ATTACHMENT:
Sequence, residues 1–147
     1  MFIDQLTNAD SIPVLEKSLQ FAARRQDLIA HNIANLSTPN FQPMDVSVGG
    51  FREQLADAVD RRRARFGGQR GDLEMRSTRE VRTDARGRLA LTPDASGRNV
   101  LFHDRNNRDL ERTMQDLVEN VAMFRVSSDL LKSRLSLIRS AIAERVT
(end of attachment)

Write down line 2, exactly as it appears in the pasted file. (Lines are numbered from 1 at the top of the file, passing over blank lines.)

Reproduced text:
     1  MFIDQLTNAD SIPVLEKSLQ FAARRQDLIA HNIANLSTPN FQPMDVSVGG